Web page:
Chapter 4: An Introduction to the Relicta

Gale scratched his chin in bewilderment. He observed the blizzard struck mountains from afar; Aaron had called it the Road of Elements. His destination however, pointed to the left — a forest with a strange sense of lifelessness. He pulled his sword out, appraising it as best as he could. Carved out of stone, it was unlike anything he had ever seen before. Peculiar.

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He wondered what the runic symbols implied, etched with delicate perfection and in a way that glorified the blade’s appearance. His information on the World of Transition was limited at best, and the fact bothered him. Gale estimated that the journey to his next destination would be no easy task, and then there was the matter of Aaron’s warning as well.

Only allowed on

If I am to survive, I need to understand everything required to become stronger,” thought Gale. “And I suppose it makes sense to start with my mind.

Gale uncovered through much of his interaction with Aaron that he had lost the ability to lose his calm; it made him wonder if it was a trait common to the Godvildian kind. Not that it bothered him. In a way, it helped him cope with the change.

Lost in thought, his feet moved of their own free will. He walked toward the forest, and straight through — unbeknownst to a distortion that had manifested. It engulfed him whole, allowing him access to a deeper part of the forest. When Gale had finally noticed, he had nothing but trees around him. All that remained was silence, disturbed oddly by the rustling within the bushes alone.

Animals noiselessly passed by his feet, small and without threat to the boy. The entirety of the situation unsettled Gale.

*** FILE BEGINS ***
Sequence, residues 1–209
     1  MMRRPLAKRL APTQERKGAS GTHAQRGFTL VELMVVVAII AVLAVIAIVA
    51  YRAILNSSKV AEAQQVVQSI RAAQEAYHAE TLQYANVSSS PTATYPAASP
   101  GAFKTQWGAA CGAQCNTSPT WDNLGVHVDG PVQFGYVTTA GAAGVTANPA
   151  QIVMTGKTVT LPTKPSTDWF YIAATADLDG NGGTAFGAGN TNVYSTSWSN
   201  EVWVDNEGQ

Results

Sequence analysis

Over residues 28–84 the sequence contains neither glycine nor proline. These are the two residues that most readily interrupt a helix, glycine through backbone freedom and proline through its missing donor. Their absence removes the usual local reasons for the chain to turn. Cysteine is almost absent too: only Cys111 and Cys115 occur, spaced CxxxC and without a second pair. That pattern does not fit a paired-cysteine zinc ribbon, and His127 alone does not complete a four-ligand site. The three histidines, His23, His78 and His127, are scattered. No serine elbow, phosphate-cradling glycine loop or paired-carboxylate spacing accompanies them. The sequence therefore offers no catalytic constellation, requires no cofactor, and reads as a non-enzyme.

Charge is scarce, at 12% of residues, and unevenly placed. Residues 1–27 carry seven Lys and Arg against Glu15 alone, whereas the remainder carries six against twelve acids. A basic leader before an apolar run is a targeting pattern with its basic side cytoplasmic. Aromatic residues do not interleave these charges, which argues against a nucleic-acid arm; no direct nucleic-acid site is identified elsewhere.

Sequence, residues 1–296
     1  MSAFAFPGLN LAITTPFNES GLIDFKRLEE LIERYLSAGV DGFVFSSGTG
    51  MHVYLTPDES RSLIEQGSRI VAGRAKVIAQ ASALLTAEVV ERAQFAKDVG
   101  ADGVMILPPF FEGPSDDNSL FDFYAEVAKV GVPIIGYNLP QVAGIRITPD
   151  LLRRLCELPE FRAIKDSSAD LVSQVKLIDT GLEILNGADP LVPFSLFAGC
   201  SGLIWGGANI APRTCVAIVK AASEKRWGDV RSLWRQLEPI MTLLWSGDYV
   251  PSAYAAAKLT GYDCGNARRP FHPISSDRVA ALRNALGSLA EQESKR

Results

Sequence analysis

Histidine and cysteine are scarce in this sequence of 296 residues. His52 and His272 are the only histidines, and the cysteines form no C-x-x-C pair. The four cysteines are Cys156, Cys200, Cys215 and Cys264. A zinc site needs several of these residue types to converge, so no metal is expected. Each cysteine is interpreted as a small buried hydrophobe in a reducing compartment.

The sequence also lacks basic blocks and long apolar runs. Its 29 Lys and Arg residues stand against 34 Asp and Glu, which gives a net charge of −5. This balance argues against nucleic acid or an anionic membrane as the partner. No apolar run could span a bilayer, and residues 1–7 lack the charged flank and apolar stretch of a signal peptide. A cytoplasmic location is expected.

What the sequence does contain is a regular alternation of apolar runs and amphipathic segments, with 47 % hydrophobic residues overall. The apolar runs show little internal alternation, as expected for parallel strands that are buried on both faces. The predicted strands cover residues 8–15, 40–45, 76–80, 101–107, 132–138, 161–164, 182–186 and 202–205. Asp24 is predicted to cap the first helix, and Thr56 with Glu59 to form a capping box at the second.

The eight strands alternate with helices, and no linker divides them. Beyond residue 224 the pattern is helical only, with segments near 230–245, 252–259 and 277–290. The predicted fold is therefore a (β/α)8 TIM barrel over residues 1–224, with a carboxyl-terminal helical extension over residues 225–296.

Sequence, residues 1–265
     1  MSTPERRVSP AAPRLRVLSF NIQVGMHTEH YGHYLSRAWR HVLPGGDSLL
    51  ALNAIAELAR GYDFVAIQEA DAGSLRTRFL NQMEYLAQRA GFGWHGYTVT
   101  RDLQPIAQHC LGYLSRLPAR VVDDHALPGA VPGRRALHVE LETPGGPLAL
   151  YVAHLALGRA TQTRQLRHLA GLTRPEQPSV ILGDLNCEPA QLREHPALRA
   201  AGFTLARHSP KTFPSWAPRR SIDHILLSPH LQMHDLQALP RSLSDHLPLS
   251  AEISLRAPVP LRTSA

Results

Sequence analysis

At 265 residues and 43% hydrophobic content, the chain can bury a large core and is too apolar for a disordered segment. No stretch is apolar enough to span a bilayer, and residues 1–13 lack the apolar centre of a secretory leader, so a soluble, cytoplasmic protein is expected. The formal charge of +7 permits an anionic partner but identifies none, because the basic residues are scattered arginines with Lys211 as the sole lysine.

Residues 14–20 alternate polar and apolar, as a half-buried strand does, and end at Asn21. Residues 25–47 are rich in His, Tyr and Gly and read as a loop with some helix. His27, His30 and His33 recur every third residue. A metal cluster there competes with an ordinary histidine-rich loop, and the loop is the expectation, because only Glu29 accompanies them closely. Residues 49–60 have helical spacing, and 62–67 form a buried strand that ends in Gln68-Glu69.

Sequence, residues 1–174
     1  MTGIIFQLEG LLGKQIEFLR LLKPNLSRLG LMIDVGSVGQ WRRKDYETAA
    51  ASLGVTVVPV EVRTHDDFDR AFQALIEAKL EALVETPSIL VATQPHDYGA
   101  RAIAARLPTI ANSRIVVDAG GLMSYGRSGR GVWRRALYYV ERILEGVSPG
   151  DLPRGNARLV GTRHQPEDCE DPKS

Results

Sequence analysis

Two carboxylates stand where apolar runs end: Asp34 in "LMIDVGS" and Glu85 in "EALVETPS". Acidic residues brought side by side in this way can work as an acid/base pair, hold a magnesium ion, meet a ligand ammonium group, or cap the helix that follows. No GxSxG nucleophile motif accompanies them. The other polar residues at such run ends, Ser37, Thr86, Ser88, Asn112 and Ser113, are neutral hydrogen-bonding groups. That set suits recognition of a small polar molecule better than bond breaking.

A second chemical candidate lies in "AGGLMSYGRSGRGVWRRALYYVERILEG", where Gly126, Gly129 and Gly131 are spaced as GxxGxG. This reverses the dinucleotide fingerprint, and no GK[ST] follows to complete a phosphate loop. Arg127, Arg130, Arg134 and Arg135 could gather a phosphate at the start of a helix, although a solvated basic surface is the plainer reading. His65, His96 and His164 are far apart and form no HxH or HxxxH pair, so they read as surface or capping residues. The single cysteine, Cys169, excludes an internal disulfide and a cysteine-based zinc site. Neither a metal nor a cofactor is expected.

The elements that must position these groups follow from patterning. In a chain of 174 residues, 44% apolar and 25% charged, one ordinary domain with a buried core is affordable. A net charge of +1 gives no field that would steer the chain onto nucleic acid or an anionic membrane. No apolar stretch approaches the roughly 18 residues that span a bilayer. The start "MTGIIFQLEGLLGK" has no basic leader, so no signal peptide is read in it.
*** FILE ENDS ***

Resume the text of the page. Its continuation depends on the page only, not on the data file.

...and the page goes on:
“If I am to extrapolate the information that I do have,” whispered Gale. “I believe that I should be strong enough to handle whatever it is to come here. But that would be too optimistic an assumption.”

He ran Aaron’s wisdom through his head once more, glossing over every little detail. It was a march he refused to cease. Gale had covered a considerable distance when the matter had settled onto the gods — Ehedus, and the Godvildian kind’s worship of him. There was much to learn there.

“I’m curious to understand if this world follows the mechanics of a game,” wondered Gale. “Aaron did mention that our strength would grow in time with worship.”

He scratched his head, as confused as he ever was. His thoughts had kept him from exhaustion, so much so that he had failed to notice the darkness that now surrounded him. He had reached a part of the forest that did well to keep the sunlight at bay.

In time, whispers caught the attention of his ear. It broke the silence. He remained unwary still of the eyes that peered from the shadows, shifting noisily on purpose and with the intention to scare. From a safe distance, one of the silhouettes saw fit to press its face through the leaves for a better look.

Gale froze when the forest’s proof of life fell into mystery; no longer did the animals crawl. He caught the face as it slipped back into the bushes — flaky, pale, and crumbling at the slightest of twitches. His body readied on reflex with a raised sword, assuming a stance he had neither learned nor experienced. The eyes now focused on him with deadly concentration.

A step echoed through the silence, and then more. Many emerged — all at once — and with predatory ferocity. Gale moved without conscious thought, allowing his sword to take the lead. It guided him through the first wave of attack with footwork that resembled more of a dance. Despite little experience, the boy managed to control the pace of the battle and utilized the time to observe his enemies.